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Volunteer Advocate
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ORKAMBI™: WHERE ARE WE NOW?

Early this summer, people with cystic fibrosis were disappointed to learn they are going to have to wait even longer for access to a new CF drug, ORKAMBI™ (lumacaftor/ivacaftor). A final recommendation from the Canadian Agency for Drugs and Technologies in Health (CADTH) to the public drug plans has been delayed until at least the fall of 2016.

WHAT IS ORKAMBI?

ORKAMBI™ is a combination therapy that targets the underlying cause of CF for people with two copies of the F508del mutation in the CFTR gene. Evidence from clinical trials indicates that ORKAMBI™ can improve lung function and reduce the number of pulmonary exacerbations that may result in hospitalization. In Canada, this therapy may benefit up to 1,550 people over the age of 12 living with CF, giving them an improved quality of life and a longer life.

THE JOURNEY SO FAR

January 2016

ORKAMBI™ received a Notice of Compliance from Health Canada. With this approval, ORKAMBI™ became available through some private insurance companies. However, in order to get ORKABMI™ covered by the public drug plans, there are more hurdles to cross.

February 2016

Vertex, the manufacturer of ORKAMBI™, submitted the drug to CADTH and, in Quebec, to the Institut National D’excellence en Santé et en Services Sociaux (INESSS). The role of CADTH and INESSS are to assess new drugs based on clinical evidence and make recommendations to the provincial and territorial drug plans on whether or not to cover the drugs. The decision from INESSS will be issued in October 2016 and will apply to Quebec.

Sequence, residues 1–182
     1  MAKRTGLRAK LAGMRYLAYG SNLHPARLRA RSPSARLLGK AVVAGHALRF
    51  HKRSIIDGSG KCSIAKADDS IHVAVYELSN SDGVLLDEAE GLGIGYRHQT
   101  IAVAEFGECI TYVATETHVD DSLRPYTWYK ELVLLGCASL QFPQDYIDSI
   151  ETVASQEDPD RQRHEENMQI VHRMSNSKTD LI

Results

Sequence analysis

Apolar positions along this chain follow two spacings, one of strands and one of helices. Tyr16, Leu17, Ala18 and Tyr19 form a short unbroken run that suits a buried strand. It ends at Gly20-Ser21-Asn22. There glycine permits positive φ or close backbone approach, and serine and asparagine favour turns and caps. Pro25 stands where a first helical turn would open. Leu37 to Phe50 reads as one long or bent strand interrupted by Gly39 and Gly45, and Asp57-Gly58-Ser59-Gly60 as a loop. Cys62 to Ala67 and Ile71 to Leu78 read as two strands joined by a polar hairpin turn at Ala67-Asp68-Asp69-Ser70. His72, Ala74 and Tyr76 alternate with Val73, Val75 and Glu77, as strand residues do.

Next Steps

In the rest of Canada, patients were hoping CADTH would issue a final positive recommendation in June or July. However, after reviewing the interim recommendation by CADTH, Vertex requested a reconsideration of the clinical evidence by CADTH. At this time, the funding decision has been delayed and CADTH will reconsider the clinical evidence at an upcoming meeting of the Canadian Expert Drug Committee (CDEC). Once the final recommendation is made by CADTH, all provincial and territorial health ministries will review ORKAMBI™ to determine whether or not the drug will be reimbursed by publically funded drug plans.  If there is a positive recommendation from CADTH, the price of the drug will be negotiated by the pan-Canadian Pharmaceutical Alliance.

Today

Cystic Fibrosis Canada is calling on the CDEC to carefully consider the criteria for the clinical use of ORKAMBI™ that was developed by CF Canada’s Physician Panel on lumacaftor/ivacaftor. It is the strong opinion of CF Canada that decisions regarding access to ORKAMBI™ should be made by CF experts, namely CF physicians. More specifically, it is CF Canada’s position that ORKAMBI™ should be recommended based on the criteria established by the expert panel.

CF Canada is sensitive to the reality that ORKAMBI™ is a very expensive drug at $249,000/year. CF Canada feels that the drug should be made available to everyone who can potentially benefit from it, which will mean that the negotiations at the pCPA will be very difficult since the price will have to be negotiated to a level at which would allow such access.

“The bottom line is that ORKAMBI™ needs to be negotiated so that everyone whose life can be improved by it, have access to it,” stresses Norma Beauchamp, CF Canada President and CEO. “That means the negotiations between government and Vertex are going to be difficult – but people living with CF are counting on them to be successful.”

“My daughter was fortunate enough to participate in a clinical trial for ORKAMBI™. We have seen a dramatic improvement in her lung function and a reduction in her infections and illnesses – which is hugely important for people with CF,” said Ron Anderson, the father of a 15-year-old girl living with CF. “We feel ORKAMBI™ has arrested the progression of the disease. We were hopeful that we could plan for the future in a way that we previously couldn’t, this news is certainly a setback.”

For advocacy resources and updates on ORKAMBI™, Health Canada, CADTH and how medications are funded, please continue following our updates on the blog.

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